Although heart-lung machines and cardiac assist devices have been used successfully for acute and chronic cardiac support for decades, controversies still remain concerning the benefits of pulsatile and non-pulsatile perfusion. The core of the debate is whether enough energy is generated by the artificial pulse to keep capillary beds open and cell metabolism stabilized during acute or chronic cardiac support. In other words, does artificial pulsatility exist in the microcirculation: small vessels of less than 100 μm in diameter? Many investigators have tried to use different tools and biomarkers to reflect directly or indirectly the state of the microcirculation when comparing the two different perfusion modes during acute and chronic cardiac support. However, the results are controversial. First, direct observation of the state of the microcirculation during acute and chronic cardiac support is limited; and reports concerning direct observation of the microcirculation with different perfusion modes in contemporary literature are rare. Secondly, different investigators have used their own criteria to define pulsatile flow. Therefore, it is necessary to develop more efficient methodologies, enabling direct observation of the microcirculation during acute and chronic cardiac support and also establish common criteria that will precisely quantify the pulsatile flow in terms of energy equivalent pressure (EEP) and surplus hemodynamic energy (SHE) levels. Using these critical parameters may explain how excess energy is created by pulsatile flow and maintains perfusion through the microcirculation by ensuring capillary patency.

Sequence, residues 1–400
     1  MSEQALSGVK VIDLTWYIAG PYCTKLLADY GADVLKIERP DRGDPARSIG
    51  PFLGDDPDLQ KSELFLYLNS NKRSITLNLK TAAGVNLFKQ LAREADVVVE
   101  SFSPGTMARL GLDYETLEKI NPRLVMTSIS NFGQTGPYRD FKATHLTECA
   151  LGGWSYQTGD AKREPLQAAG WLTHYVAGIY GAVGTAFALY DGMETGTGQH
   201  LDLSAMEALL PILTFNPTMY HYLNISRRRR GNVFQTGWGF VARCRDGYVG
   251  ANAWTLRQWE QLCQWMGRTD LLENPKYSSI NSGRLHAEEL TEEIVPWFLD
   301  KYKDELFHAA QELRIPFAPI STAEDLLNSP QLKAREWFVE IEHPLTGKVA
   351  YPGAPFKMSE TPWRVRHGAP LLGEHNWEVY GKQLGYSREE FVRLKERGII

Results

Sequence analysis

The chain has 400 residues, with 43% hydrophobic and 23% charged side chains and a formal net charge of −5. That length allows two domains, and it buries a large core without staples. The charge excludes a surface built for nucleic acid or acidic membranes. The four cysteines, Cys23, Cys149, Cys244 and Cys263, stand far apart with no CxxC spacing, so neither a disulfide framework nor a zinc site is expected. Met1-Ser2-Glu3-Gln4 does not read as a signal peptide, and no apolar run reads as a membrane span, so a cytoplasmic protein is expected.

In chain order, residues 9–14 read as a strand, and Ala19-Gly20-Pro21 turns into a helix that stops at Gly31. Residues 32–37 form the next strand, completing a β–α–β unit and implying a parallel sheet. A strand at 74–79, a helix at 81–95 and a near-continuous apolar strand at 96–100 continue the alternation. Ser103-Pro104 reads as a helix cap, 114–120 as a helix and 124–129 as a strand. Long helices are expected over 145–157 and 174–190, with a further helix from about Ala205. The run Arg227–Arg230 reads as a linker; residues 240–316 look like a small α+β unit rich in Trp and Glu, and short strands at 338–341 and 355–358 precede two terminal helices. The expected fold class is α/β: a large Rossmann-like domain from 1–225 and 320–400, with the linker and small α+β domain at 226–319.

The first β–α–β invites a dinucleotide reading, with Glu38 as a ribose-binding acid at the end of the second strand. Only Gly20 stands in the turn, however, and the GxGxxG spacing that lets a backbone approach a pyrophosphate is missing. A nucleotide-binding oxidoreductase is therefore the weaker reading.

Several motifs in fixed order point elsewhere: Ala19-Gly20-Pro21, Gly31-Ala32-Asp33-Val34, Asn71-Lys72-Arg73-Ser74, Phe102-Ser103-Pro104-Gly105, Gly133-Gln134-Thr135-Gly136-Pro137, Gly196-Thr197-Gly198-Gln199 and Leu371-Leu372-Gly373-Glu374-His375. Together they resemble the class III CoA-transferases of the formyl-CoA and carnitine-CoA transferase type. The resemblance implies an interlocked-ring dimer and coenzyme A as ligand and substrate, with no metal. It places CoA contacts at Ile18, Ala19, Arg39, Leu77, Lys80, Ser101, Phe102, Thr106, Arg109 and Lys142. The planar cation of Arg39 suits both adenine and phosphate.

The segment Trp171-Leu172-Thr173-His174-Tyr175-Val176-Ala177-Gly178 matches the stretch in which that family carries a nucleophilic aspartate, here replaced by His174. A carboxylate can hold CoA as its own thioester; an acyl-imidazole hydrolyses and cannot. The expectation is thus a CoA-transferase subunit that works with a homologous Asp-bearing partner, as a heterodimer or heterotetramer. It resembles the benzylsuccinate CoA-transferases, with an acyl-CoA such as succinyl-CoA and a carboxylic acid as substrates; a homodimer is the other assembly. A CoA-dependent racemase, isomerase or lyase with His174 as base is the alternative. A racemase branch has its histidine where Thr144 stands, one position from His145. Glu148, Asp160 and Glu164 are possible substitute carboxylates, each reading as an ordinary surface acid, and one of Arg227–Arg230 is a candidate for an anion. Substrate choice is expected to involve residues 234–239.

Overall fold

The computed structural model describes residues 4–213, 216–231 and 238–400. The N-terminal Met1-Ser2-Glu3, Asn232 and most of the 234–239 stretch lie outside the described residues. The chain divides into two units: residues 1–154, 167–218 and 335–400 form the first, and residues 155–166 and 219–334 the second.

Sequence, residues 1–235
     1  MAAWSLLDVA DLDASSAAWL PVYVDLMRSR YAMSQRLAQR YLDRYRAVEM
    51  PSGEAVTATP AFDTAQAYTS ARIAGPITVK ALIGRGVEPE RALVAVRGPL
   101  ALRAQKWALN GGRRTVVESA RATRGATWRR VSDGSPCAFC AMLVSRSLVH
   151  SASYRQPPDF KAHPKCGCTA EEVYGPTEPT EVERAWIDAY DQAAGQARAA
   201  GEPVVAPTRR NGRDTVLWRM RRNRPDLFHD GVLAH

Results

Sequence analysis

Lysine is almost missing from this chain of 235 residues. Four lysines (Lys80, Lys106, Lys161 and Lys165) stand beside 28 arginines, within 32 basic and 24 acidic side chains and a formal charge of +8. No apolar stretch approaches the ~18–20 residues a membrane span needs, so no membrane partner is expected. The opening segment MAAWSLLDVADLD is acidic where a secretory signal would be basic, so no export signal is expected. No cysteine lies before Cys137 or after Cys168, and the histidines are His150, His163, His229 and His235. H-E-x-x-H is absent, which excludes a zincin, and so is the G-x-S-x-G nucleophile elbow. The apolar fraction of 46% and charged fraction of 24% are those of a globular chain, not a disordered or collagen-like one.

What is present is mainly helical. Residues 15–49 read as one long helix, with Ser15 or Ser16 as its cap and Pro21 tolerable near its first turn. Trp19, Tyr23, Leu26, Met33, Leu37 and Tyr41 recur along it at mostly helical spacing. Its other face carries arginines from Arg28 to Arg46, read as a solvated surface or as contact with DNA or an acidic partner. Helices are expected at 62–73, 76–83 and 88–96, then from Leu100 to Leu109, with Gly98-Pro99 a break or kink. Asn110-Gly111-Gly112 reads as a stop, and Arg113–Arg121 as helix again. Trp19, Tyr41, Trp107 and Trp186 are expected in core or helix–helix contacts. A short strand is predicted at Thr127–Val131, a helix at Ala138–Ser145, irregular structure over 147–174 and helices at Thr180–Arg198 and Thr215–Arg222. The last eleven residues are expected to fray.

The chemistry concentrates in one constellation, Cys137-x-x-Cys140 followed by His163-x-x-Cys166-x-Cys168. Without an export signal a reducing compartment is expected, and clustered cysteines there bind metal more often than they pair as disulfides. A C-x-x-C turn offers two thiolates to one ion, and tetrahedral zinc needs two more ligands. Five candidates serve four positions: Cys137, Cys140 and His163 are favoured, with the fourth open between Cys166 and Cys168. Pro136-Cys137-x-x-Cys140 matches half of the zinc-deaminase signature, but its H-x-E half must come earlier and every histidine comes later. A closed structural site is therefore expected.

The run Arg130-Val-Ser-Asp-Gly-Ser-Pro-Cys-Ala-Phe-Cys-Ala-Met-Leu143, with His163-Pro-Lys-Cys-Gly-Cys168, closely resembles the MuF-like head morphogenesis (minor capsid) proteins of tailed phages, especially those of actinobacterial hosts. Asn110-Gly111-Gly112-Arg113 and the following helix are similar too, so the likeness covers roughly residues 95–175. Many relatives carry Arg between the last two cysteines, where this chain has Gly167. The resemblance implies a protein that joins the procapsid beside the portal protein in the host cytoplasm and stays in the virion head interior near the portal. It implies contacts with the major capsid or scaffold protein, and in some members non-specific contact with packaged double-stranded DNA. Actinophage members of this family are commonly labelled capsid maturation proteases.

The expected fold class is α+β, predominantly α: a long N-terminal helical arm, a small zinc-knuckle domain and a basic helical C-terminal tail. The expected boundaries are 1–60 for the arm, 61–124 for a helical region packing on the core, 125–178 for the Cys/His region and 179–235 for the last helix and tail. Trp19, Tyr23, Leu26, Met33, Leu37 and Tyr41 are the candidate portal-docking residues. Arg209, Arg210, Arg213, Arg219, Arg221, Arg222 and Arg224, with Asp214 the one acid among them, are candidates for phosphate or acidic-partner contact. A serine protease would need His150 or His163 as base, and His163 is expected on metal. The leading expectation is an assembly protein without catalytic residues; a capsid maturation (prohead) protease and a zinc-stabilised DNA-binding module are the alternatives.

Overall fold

All Science Journal Classification (ASJC) codes
- Radiology Nuclear Medicine and imaging
- Safety Research
- Cardiology and Cardiovascular Medicine
- Advanced and Specialized Nursing